I'm really not wrong about this.

Monday, February 27, 2023

Judge chides attorney for not wearing coat

An Arkansas Supreme Court justice earlier this month called out a professor-attorney for not wearing a coat in a Zoom argument.

Associate Justice Courtney Rae Hudson took to task attorney and Professor Robert Steinbuch, Arkansas Little Rock, my colleague and past co-author on freedom-of-information works (book, essay), first, for not wearing a coat over his button-down shirt in the Zoom argument on February 2, and then for not having asked advance permission to use a demonstrative exhibit. She had the court and counsel wait painfully while Steinbuch and his attorney-client fetched coats.

Steinbuch probably should've worn a coat. He told Justice Hudson he had not because it interfered with his handling of the exhibit, a statutory text, within the small space of the camera view. Good excuse, bad excuse; either way, Justice Hudson's handling of the matter was condescending and, coming as it did after Steinbuch's argument, felt more personal than professional. My impression as a viewer was that Hudson was the one who came off looking worse for the exchange.

Being an aggressive advocate for transparency and accountability in Arkansas, Steinbuch has many allies in mass media, and they were not as gentlemanly about what went down as Steinbuch was. The aptly named Snarky Media Report made a YouTube video highlighting the exchange.  As Snarky told it, "Justice Hudson pulled out her Karen Card." Snarky also observed, with captured image in evidence, that "[s]everal times during the hearing Hudson appeared to be spitting into a cup."

More seriously, Snarky took the occasion to highlight past instances in which Hudson's ethics were called into question. Hudson (formerly Goodson), who was elected to the court in 2010, and her now ex-husband, a class action attorney, took two vacations abroad, valued together at $62,000, at the expense of Arkansas litigator W.H. Taylor (Legal Newsline). Hudson did report the gifts, and she said she would recuse from any case in which Taylor was involved.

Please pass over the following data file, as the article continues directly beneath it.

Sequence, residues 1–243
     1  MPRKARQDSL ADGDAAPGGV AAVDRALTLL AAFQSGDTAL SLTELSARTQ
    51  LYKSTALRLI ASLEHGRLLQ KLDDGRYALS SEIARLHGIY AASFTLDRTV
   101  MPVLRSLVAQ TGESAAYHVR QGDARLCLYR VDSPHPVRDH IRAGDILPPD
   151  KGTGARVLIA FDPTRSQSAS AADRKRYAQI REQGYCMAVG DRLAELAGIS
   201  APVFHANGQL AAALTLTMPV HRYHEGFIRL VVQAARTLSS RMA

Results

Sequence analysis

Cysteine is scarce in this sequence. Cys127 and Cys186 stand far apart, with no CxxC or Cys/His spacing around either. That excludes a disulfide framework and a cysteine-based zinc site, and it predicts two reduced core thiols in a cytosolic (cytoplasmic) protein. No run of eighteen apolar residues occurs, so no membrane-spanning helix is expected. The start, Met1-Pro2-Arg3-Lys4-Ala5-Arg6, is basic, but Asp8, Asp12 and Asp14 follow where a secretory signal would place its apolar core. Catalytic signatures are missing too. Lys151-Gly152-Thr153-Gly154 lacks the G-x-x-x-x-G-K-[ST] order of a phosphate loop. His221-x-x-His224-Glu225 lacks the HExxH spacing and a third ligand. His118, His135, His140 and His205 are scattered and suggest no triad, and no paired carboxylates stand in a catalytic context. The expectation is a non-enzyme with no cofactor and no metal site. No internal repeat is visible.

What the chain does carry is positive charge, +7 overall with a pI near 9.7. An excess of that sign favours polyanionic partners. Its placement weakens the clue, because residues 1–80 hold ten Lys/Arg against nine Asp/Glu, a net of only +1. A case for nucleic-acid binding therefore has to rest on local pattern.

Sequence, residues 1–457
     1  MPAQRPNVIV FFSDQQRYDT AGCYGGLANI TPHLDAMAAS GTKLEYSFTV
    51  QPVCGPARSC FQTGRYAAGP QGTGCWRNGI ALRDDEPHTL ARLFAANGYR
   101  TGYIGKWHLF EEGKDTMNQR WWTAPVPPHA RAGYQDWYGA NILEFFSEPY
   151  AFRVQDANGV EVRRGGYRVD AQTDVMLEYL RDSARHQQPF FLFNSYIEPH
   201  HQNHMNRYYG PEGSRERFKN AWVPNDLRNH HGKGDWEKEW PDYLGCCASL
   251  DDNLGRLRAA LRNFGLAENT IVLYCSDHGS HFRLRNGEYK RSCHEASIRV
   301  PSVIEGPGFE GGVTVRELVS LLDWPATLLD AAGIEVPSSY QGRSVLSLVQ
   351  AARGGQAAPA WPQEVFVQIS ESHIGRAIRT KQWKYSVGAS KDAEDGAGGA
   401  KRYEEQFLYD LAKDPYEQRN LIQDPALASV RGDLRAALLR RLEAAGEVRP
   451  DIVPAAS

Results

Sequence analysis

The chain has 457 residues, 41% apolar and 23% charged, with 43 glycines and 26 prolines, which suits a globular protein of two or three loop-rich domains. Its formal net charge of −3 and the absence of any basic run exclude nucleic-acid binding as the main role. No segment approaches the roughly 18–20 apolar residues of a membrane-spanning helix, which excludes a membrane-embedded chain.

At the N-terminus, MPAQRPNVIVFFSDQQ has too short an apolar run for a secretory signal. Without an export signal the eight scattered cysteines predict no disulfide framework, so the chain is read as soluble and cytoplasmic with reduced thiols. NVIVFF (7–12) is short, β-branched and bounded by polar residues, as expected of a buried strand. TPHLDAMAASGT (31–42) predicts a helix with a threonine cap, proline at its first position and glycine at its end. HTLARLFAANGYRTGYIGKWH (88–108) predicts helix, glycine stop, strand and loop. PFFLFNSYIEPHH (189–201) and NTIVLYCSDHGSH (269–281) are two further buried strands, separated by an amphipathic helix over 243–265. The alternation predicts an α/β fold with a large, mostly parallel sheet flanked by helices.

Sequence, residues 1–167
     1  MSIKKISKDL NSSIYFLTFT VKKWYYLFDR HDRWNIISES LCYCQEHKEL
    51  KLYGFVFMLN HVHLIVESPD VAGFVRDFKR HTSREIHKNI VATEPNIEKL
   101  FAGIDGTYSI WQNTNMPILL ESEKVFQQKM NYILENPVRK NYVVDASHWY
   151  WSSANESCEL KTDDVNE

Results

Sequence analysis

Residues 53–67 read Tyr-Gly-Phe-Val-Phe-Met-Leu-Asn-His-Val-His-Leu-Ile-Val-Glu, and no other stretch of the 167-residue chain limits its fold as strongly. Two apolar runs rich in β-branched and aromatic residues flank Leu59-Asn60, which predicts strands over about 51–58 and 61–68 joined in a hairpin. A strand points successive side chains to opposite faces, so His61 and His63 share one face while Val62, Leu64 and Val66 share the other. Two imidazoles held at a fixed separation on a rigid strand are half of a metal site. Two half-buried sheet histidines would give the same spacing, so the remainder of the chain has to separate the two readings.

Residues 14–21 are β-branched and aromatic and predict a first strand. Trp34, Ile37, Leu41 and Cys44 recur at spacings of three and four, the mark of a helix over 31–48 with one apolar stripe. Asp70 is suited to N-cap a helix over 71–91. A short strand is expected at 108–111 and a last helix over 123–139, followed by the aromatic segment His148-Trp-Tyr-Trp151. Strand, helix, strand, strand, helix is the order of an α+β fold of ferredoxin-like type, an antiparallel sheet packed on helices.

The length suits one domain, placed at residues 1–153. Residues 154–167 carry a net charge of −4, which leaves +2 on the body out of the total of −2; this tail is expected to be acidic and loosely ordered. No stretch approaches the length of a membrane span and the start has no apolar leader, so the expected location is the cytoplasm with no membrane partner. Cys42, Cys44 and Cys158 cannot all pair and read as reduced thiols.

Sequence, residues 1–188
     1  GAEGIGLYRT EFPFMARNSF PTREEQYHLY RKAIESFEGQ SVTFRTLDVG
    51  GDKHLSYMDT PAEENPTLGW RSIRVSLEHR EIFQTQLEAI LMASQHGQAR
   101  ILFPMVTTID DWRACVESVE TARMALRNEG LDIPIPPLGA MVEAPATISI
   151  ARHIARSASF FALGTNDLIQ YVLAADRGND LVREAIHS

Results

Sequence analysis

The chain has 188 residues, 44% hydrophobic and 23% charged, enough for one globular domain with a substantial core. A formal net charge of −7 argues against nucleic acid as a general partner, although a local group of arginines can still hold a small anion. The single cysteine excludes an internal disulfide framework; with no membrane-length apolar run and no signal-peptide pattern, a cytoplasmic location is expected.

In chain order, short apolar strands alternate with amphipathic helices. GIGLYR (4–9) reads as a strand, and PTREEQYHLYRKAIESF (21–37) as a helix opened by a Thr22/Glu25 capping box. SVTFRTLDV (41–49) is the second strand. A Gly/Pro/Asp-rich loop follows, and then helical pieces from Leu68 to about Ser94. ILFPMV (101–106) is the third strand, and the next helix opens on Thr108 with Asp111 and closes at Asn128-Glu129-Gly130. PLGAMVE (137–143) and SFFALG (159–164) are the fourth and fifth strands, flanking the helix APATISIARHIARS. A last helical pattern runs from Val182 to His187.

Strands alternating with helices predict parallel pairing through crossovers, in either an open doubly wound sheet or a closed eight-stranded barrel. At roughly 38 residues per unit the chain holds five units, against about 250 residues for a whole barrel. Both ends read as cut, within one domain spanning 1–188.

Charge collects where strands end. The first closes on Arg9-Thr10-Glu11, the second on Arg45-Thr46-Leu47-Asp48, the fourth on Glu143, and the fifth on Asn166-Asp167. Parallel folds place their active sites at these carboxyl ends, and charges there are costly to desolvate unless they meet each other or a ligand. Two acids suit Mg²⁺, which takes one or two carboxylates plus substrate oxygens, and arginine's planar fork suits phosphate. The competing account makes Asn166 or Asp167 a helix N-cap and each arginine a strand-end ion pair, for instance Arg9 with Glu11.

Very well, but my suspicions of bias run a bit deeper. Hudson's vacation-mate ex, John Goodson, is chairman of the board of the University of Arkansas. (Correction, May 9, 2023: I'm told that Goodson ended his service on the board a year or so ago; I've not been able to ascertain the date.) One of Steinbuch's tireless transparency causes has been for Arkansas Freedom of Information Act access to the foundation funding of the university system in Arkansas, especially the flagship University of Arkansas, Fayetteville. Indeed, Steinbuch wrote just last week (and on January 29), in his weekly column for The Arkansas Democrat-Gazette, about that very issue in connection with secret spending at Arkansas State University. University System counsel have fought ferociously and successfully for decades to stop any lawsuit or legislative bill that would open foundation books to public scrutiny.

Goodson also has what the Democrat-Gazette characterized in 2019 as "deep political and legal connections around the state" with disgraced former state Senator Jeremy Hutchinson. Hutchinson is a nemesis of former Arkansas politician Dan Greenberg (a longtime friend of mine). After Greenberg lost the senate race to Hutchinson in 2010, Greenberg sued a local newspaper, alleging a deliberate campaign of misinformation. Steinbuch supported Greenberg in the suit. Though Greenberg was unable to demonstrate actual malice to the satisfaction of the courts, discovery in the suit revealed a problematically cozy relationship between the newspaper editor and Hutchinson.